Lubricated ink for sailor

    I am thinking about using lubricating ink on a 14k M nib 1911s model and Diamine inks is in my budget. What's your opinion? What about the shimmering inks Diamine offers?
  16. I've just got this ink and I love it so much that I'd like to share with you, although I know there've been a lot of reviews of this ink already. I used a Lamy Vista 1.9 nib on Rhodia paper for this simple review. The colour is a bright ocean/cerulean blue well worth its name. The shading is amazing (plus this nib tends to bring out the shading of an ink), from a bright clear blue to a deep ocean blue. It runs very wet on this nib, so the drying time is not accurate. The water-resistency is basically none, as can be seen from the drip test and the smear test, in which I ran a wet finger through it twice. This is my first ink in the turquoise/blue range and I love it. The photo doesn't do it much justice, because it's more vibrant and less green than it's shown in the photo. In fact I had wanted to go for Iroshizuku Kon-peki, but the price made me hesitate. After reading a post here where a FPN member compared these two inks and I was not able to distinguish one from the other, I ordered this, and I don't regret this choice! I have been eyeing Noodler's Navajo Turquoise or Turquoise Eel as well. I wonder how they compare with Mediterranean Blue.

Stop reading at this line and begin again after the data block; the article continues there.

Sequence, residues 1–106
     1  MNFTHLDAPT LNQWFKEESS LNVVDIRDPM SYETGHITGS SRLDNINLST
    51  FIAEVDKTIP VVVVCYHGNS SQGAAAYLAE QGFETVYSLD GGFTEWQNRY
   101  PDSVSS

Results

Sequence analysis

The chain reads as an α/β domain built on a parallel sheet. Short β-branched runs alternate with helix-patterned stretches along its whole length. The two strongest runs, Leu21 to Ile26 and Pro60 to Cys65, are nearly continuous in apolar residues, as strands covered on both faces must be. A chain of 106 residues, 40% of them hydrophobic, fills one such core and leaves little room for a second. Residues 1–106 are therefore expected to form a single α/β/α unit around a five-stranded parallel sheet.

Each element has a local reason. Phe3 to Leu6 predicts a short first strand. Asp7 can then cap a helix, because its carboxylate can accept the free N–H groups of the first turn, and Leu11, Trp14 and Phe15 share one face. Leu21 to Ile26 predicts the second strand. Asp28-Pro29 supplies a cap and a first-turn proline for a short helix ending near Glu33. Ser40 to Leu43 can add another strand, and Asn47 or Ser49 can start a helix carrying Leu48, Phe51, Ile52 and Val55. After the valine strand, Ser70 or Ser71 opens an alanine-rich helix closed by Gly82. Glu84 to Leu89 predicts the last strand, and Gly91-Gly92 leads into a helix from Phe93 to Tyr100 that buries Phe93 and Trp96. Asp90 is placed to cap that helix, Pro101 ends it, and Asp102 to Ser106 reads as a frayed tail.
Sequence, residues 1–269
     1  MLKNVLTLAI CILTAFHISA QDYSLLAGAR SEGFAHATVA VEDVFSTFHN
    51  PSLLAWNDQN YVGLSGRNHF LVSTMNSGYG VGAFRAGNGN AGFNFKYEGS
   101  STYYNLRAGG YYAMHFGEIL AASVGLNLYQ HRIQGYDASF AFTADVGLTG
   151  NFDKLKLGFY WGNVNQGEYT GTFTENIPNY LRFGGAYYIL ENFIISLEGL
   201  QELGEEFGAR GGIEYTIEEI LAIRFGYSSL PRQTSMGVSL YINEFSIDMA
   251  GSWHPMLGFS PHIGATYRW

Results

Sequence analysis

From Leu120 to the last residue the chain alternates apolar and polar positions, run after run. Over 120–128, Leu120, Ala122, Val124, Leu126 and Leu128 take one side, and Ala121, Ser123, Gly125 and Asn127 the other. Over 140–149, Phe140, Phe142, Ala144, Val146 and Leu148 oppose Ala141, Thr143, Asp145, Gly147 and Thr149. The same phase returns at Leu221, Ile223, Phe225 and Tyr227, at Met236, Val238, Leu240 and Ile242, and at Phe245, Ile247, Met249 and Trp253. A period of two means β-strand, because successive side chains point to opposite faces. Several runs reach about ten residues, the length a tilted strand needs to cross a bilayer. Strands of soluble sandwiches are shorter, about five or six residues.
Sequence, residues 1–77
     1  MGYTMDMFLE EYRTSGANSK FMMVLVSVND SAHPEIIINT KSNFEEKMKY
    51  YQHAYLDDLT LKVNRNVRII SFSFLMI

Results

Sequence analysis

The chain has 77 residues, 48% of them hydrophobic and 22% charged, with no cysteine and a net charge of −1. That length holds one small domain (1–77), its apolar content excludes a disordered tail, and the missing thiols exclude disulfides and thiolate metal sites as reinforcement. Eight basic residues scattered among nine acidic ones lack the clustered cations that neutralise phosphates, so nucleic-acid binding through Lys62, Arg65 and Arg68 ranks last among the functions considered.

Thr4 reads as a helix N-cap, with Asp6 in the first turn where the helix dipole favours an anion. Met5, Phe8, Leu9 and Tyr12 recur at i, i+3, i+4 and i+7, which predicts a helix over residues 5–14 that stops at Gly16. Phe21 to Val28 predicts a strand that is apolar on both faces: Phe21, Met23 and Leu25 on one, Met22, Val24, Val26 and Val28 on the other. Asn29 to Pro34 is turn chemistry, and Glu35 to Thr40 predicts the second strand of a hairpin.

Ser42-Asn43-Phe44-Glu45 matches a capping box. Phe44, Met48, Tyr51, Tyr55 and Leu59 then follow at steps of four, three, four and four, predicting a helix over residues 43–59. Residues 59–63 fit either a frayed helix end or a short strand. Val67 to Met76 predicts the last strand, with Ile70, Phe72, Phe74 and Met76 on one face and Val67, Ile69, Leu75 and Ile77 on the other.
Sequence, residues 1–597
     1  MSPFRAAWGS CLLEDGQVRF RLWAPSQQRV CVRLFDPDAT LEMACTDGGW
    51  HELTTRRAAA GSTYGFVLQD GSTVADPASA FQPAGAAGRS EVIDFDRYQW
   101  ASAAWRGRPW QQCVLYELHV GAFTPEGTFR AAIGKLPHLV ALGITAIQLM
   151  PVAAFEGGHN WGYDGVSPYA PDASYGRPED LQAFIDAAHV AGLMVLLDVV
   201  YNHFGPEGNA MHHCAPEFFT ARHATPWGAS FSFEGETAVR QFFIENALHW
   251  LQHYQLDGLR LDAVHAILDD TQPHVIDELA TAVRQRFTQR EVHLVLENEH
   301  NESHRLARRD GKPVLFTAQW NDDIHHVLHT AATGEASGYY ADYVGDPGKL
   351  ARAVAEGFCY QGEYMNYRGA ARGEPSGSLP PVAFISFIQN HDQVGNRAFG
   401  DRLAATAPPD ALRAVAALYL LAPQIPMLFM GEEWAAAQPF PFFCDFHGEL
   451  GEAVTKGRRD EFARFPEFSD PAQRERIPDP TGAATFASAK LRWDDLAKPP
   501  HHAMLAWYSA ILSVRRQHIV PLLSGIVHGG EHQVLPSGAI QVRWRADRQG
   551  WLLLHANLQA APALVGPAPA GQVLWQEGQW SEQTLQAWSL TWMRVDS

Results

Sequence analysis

17. Audrey T

    Light, bright greens

    Robert Oster's Fizzy Lime vs. Diamine's Neon Lime:
  18. feham17_

    Happy New Year Everyone!

    Happy New Year everyone! Let's hope that '22 will be much better than the past two years! 🖋️➡️ Pilot Kakuno 📜➡️ Rhodia Bloc N°16 🔏➡️ Diamine Enchanted Ocean 🌊 Have a great day/night!🏳️‍🌈
  19. Fishynik6

    5 Best Diamine Inks

    If you had to choose 5 diamine inks to represent the brand what would you choose? Im currently looking to buy a twsbi eco with some diamine inks and alt goldgrun and am having a hard time deciding. This should help! The inks I have chosen so far are: Autumn Oak Oxblood Maybe sherwood green One of the turquoise colors
  20. namrehsnoom

    Diamine Earl Grey